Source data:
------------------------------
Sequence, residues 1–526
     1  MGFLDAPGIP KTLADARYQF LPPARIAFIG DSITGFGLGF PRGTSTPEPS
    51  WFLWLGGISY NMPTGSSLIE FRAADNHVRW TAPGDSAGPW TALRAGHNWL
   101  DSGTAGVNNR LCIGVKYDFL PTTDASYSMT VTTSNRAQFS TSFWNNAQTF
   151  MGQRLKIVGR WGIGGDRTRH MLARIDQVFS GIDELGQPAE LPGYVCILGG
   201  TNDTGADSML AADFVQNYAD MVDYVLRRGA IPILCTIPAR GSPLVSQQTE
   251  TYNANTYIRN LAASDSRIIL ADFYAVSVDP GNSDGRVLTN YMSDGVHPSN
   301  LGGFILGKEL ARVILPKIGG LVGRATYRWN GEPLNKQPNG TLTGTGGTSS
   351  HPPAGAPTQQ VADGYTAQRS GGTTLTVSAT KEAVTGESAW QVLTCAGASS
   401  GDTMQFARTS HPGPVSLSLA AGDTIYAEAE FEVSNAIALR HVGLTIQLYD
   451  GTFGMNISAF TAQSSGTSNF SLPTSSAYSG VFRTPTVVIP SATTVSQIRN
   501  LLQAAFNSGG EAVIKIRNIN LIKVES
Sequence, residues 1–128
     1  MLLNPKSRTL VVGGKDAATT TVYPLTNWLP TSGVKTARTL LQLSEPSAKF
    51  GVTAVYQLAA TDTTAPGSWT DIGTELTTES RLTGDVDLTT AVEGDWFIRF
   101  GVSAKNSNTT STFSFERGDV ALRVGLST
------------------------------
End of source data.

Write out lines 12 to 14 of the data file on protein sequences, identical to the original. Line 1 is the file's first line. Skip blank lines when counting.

   501  LLQAAFNSGG EAVIKIRNIN LIKVES
Sequence, residues 1–128
     1  MLLNPKSRTL VVGGKDAATT TVYPLTNWLP TSGVKTARTL LQLSEPSAKF